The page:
chance not just to make this spending bill better and stronger, not 
just to move forward by completing another stage of the budget process 
the American people are already unsure we can complete, but to take 
this spending bill and use it as a real vehicle for reform of our 
public schools. Today we can make the single largest investment in 
accountability ever at the Federal level--today we can help serve as a 
catalyst for the innovative and, I think, critical reform efforts 
taking shape around this country. The amendment would reserve $200 
million of title I funds for disadvantaged children to provide 
assistance and support to low-performing schools. This amendment will 
compel school districts to take strong corrective actions to improve 
consistently low-performing schools. Passage of this amendment signals 
our commitment to the public schools. Our commitment to their success. 
And our commitment to ensuring failing schools turn around.
  For too long in this Nation we have tolerated low standards and low 
expectations for our poor children. The standards movement has begun to 
turn the tide on low expectations and we must build on that momentum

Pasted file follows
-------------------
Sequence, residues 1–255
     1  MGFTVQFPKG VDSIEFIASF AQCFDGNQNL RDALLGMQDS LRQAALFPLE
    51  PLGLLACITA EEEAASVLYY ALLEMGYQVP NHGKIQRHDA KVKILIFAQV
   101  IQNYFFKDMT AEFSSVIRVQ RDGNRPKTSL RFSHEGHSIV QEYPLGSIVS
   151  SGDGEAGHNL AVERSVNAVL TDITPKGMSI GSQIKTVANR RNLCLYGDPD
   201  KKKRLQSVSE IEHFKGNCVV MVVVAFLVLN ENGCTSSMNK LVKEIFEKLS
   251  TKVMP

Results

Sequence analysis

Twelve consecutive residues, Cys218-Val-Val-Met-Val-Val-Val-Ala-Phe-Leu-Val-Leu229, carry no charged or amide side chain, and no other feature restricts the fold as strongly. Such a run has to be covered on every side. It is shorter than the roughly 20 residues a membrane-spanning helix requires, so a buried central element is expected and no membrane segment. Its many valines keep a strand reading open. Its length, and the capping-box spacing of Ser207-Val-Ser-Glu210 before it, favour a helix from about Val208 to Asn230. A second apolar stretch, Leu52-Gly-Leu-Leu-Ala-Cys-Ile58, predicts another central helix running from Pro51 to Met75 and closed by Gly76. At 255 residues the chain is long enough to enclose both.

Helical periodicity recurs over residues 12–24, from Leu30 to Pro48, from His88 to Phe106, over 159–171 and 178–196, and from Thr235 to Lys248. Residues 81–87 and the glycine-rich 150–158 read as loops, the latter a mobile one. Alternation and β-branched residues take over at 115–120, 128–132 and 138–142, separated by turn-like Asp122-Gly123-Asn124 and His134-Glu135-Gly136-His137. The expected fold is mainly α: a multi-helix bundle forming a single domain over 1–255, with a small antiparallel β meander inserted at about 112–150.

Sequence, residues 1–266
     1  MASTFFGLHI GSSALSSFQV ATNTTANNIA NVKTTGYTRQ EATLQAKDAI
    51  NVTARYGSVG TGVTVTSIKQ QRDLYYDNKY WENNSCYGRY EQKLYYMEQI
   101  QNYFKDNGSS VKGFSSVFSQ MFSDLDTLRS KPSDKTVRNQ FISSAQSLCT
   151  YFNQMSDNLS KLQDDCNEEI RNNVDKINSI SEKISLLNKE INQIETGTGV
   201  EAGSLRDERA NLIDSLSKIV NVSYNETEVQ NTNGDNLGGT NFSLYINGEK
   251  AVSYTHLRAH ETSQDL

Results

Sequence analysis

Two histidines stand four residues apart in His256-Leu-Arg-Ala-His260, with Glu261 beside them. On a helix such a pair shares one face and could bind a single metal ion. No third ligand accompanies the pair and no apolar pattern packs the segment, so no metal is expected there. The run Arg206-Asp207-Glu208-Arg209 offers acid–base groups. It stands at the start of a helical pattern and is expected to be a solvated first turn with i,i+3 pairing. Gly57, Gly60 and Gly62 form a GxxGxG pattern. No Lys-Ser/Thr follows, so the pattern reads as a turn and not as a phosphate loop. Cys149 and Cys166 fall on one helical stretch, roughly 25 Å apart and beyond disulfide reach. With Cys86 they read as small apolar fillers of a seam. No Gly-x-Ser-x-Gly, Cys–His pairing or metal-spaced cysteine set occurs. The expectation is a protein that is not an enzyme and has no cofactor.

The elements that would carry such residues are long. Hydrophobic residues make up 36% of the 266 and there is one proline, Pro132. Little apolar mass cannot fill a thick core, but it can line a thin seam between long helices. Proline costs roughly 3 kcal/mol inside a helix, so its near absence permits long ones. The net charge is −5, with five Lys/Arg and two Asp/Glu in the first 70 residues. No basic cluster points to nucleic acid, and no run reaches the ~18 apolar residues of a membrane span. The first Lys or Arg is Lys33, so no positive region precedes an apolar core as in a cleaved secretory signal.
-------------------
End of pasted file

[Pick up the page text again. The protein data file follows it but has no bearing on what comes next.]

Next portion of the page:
and demand accountability from schools that fail our children. We have 
this opportunity at a time when the American people are telling us 
that--for their families, for their futures--in every poll of public 
opinion, in every survey of national priorities--one issue matters 
most--and it's education. Good news for all of us who care about 
education, who care about our kids. But the bad news is, the American 
people aren't so sure we know how to meet their needs anymore. They 
aren't even so sure we know how to listen.
  Every morning, more and more parents--rich, middle class, and even 
the poor--are driving their sons and daughters to parochial and private 
schools where they believe there will be more discipline, more 
standards, and more opportunity. Families are enrolling their children 
in charter schools, paying for private schools when they can afford 
them, or even resorting to home schooling--the largest growth area in 
American education.
  This amendment comes at an important time for our schools, you might 
say it comes at an even more important time for this Congress. We have 
to break out of the ideological bind we've put ourselves in--we can't 
just talk about education--it's more than an issue for an election--
we've got to do something about it. Parents in this country believe 
that public schools are in crisis and despite a decade of talk about 
reform, they give them no higher grade than a decade ago. 67 percent 
are dissatisfied with the way public education is working; 66 percent 
use the word crisis to describe what's going on in our schools today. 
But the American people--at times more than we seem to be in the 
Senate--are firmly committed to fixing our public schools--fixing our 
schools--not talking about fixing them, not using kids as pawns in a 
political chess game.
  It boils down to one fundamental, overriding concern: Americans want 
accountability for performance and consequences for failure in the